It was televised this year by Yorkshire TV. It was inspiring to watch, even though neither GW (finish time 4h50min) nor I featured in the coverage.

Every runner should have a go at The Three Peaks once. It's a superb event.

Get qualifying now!

GW writes: There was a high drop out rate with a lot of runners suffering from dehydration.  The two Spiders have been declared heroes by the V.S.F.R. Committee!

Bob J comments: It is not surprising that runners dropped out when they claimed to carry full body cover, map, compass, drink and emergency food in a 4"x4"x8" bumbag!

Fell Championship Points so far

Steve W 413, G.W. 379, Sylvia 218, Brian 199, Bob J 193, Andrew 166, Sara 163,

Mick L 158, Mick T 94, Ian 93, Hutch 82, Jane 82, Martin H 59, Eric G 57,

Bob W 51, P.Lambo 48, Rob B 48, Roy F 48, Lisa 46, Simon V 45, Tony F 40,

Tony H 34, Jerry W 33, Madeleine W 30, Rob L 30, Paul Hunter 27, Terry B 26,

Janet 21, Steve O 21, Dave C 19, Keith C 19, Hayley 19, Sam 19, Laura B 15,

Lily 13, Annemi 12, Tim 12, Simon R 10, Mark 9, Bill 9

Steve Webo is piling up the points at the head of the table but is being hotly pursued by G.W..  Sylvia and Sara representing the wimmin, had been battling for third place, but Sara has now been overtaken by Brian and Bob J.  Last year's champion is in 6th place but has not posted all of his results to the Fell Committee and so he is probably the dark horse.  But no results - no points.  If he continues like this he may be called before the Committee to present his credentials and have his particulars taken down.

The next race in both the Fell Championship and the Grand Prix is the Round Hill Fell Race.  Let's have a big turn out!

Remaining races

Day     Date         Time    Type    Event

Sun      Aug 8       1100     FG        Round Hill 9/1100' Timble nr Otley

Tue      Aug 10     1930     F           Withens & Windmills 5/1000' Ogden Res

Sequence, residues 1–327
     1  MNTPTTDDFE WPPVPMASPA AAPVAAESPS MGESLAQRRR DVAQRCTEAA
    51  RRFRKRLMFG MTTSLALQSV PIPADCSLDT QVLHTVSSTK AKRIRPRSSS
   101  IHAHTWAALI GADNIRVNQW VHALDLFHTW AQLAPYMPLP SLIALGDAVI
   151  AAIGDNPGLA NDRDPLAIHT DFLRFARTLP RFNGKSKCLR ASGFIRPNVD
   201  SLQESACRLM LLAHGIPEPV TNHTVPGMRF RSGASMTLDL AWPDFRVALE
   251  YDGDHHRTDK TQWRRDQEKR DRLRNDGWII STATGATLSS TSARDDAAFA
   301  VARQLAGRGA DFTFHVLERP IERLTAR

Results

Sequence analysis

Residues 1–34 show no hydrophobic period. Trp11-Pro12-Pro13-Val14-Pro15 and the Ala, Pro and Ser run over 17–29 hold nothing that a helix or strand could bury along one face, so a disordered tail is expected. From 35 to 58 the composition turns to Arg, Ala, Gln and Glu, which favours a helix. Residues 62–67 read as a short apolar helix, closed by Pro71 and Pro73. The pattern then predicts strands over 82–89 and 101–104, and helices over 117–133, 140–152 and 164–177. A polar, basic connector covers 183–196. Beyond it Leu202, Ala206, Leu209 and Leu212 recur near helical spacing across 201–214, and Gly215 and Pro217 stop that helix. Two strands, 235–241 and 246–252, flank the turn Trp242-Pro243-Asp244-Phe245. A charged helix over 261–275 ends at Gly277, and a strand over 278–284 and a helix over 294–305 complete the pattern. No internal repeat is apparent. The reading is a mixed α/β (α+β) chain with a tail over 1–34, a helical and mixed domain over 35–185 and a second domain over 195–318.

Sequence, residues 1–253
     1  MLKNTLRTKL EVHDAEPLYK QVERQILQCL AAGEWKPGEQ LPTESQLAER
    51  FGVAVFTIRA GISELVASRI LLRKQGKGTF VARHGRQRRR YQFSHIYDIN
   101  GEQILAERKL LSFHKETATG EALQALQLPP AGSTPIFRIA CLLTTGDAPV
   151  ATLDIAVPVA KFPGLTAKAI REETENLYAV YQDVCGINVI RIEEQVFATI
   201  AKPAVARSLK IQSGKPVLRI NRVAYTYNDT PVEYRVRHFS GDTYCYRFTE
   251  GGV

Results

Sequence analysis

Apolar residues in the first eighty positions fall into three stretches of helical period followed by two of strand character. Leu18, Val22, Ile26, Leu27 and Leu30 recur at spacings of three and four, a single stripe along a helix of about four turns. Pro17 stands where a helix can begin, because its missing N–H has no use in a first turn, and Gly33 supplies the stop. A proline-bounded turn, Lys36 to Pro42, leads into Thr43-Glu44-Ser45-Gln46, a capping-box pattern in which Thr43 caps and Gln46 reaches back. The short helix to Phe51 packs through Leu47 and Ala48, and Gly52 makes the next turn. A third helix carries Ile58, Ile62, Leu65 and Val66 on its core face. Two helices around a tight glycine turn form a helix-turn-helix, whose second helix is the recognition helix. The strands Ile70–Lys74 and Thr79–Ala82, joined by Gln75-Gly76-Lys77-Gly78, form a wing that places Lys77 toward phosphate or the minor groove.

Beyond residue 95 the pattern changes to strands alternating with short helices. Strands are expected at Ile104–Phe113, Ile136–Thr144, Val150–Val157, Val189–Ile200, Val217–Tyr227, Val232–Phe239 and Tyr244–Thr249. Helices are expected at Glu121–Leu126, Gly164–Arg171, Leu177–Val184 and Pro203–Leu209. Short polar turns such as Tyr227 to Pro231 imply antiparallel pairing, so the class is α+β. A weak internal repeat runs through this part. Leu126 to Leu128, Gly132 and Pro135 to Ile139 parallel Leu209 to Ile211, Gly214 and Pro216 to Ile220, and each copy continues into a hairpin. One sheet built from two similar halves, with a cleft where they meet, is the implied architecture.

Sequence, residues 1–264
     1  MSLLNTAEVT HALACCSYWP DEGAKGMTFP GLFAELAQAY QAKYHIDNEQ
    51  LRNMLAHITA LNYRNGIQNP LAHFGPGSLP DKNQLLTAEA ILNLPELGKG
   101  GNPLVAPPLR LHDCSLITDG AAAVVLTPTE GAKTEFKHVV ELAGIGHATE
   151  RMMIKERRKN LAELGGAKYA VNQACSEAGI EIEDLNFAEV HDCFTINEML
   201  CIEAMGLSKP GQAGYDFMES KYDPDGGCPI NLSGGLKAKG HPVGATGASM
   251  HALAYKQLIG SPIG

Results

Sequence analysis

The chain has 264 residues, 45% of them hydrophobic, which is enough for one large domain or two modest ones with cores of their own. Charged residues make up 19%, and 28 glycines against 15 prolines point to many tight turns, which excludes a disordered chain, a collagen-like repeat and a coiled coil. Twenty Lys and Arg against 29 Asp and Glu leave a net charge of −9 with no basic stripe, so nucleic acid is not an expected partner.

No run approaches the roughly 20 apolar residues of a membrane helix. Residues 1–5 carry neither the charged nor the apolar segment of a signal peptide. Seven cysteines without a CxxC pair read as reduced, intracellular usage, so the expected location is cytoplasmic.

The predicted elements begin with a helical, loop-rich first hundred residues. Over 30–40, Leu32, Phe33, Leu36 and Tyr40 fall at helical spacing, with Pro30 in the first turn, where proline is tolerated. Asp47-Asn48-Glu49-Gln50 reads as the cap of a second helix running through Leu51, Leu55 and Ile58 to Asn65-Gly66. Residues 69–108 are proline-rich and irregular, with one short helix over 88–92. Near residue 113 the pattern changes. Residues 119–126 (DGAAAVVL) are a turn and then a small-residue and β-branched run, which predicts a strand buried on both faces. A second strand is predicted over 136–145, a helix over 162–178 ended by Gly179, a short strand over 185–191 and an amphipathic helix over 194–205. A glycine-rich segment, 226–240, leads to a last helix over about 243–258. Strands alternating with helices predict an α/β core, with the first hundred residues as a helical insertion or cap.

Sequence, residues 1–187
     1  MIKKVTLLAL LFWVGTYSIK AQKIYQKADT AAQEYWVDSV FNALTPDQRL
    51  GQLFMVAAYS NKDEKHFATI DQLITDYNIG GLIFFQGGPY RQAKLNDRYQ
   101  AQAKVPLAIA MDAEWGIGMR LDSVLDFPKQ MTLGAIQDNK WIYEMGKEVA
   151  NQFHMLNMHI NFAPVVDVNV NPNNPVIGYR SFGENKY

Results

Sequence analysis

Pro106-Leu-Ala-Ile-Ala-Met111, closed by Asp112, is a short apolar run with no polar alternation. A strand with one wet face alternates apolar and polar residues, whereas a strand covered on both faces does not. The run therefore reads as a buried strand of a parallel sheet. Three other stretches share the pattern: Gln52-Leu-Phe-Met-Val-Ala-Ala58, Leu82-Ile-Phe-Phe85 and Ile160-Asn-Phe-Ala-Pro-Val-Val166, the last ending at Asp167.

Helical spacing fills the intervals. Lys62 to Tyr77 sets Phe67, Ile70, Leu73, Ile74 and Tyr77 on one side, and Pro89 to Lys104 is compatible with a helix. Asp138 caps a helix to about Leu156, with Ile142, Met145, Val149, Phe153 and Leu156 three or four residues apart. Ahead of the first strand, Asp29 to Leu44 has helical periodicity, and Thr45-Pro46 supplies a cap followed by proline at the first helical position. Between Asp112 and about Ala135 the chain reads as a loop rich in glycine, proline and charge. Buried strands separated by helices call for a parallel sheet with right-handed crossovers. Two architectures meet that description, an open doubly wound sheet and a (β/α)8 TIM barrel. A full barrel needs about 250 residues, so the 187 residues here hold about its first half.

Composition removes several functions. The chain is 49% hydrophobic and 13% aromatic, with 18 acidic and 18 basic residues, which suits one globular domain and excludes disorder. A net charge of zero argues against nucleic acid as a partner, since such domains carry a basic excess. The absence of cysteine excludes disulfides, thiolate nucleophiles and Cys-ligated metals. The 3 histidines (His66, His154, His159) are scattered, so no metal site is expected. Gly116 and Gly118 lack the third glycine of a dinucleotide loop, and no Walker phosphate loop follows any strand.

Sat       Aug 14     1500     F           Arncliffe Gala 2/443' Arncliffe nr Skipton

Sat       Aug 21     1700     F           Burnsall Classic 1½/900' (pre-enter)

Sun      Aug 22     1200     F           Sedbergh Hills 14/6000'

Sun      Aug 29     1130     F           Norland Moor 7/800' Copley Village nr Halifax

Sat       Sep 4        1500     F           Mount Skip 4½/1000' Mytholmroyd

Wed    Sep 8        1900     F           Ilkley Incline 1/560' tarmac then track!

Sat       Sep 11      1500     FG        Briscoe's Fell Race 3½/900' Otley

Sun      Sep 12      1000     LT        Yorkshireman Off-road Marathon 26/3065'

             also Half Marathon 13/1750' (both Westfield Lodge nr Haworth, both pre-enter)

Sun      Sep 19      0830     LT        Lockwood Bounder Trail 22/3300' nr Skelton N Yorks

Sat       Sep 25      1500     F           Thieveley Pike 4/1000' near Burnley

Sat       Oct 2        1030     T          Autumn Leaves 10/1200' Kiln Green Church

                                                        Diggle nr Saddleworth

Sun      Oct 24      1130     FG        Withins Skyline 7/1000' Penistone Hill Haworth

Sat       Nov 6       1400     F           Shepherds Skyline 6/1150' near Todmorden

Sat       Nov 13?   0800     TG        Burley Bridge Hike 21 Ben Rhydding nr Ilkley

Sat       Nov 13     1100     F           Great Whernside 4/1555' Kettlewell

Sun      Nov 14     1030     F           Cop Hill (mixed terrain) 7/900' Meltham Cricket Ground

Sun      Nov 28     1100     F           Rivock Edge 10/1500' Silsden Park near Keighley

Forthcoming Races/Events

Leeds Country Way - Sunday 5 September

We had 4 teams of 12 last year and are attempting the same again. Expect to be contacted shortly, or better still, phone Paul Furness if you are available.  First come, first served (and first choice of leg)

Club Handicap - Tuesday 7 September

This will be 10k round the Res path to Eccup and back.  Pie and peas (see review on page 14) will be available, please book early (i.e. by Sunday 5th!)

Briscoe's Fell Race - Saturday 11 September

Support your local brewer!  NB you'll need special training for this, you have to drink a pint of beer after crossing the line.  A sprint finish is not always advisable!

Harewood Trail Race - Sunday 10 October

Entry forms are now out so contact me if you can put some out a local sports centre or shop or take some to a race.  Please, everyone, keep this date free to marshal - you are all required!  There will be a recce run on Tuesday 14 September, meet 6:45 at Harewood Village Hall - all welcome!

website  or

e-mail (note new email address)

We have over 120 Striders or potential Striders on the e-mail distribution list - if you have e-mail and are not receiving the Electronic Striders Updates that come out every two weeks or so, e-mail the address and ask to be included.

If you don't have email, then, if you ask, I will send you printed versions of the Electronic Striders updates every 4-6 weeks in between Newsletters.